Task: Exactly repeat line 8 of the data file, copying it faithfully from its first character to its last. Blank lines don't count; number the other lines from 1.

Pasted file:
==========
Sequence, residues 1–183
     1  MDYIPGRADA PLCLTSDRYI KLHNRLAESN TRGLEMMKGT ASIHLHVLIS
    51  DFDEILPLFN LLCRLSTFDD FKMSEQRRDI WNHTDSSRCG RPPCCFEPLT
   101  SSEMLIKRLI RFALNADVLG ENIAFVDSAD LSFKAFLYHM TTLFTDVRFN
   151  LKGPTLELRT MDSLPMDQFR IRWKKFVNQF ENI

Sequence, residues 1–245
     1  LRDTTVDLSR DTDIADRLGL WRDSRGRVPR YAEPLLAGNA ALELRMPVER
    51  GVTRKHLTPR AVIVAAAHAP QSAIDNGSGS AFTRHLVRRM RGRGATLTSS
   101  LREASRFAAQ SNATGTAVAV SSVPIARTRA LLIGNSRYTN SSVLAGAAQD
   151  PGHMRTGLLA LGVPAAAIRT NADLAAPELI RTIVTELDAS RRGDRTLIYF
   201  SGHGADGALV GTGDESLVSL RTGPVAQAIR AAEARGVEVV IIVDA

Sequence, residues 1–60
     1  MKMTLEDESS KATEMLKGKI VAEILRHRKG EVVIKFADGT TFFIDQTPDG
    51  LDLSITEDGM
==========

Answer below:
    51  GVTRKHLTPR AVIVAAAHAP QSAIDNGSGS AFTRHLVRRM RGRGATLTSS